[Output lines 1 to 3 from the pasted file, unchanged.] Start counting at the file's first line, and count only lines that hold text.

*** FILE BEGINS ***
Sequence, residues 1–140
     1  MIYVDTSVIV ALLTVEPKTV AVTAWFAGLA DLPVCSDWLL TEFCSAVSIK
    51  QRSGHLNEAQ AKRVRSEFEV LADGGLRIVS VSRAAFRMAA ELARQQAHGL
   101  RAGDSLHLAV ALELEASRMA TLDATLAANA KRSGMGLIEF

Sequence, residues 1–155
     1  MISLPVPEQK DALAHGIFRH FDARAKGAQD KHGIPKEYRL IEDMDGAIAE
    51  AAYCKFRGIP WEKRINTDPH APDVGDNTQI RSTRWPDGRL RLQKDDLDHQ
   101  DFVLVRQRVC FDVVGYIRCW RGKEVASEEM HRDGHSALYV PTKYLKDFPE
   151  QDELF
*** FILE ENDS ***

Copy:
Sequence, residues 1–140
     1  MIYVDTSVIV ALLTVEPKTV AVTAWFAGLA DLPVCSDWLL TEFCSAVSIK
    51  QRSGHLNEAQ AKRVRSEFEV LADGGLRIVS VSRAAFRMAA ELARQQAHGL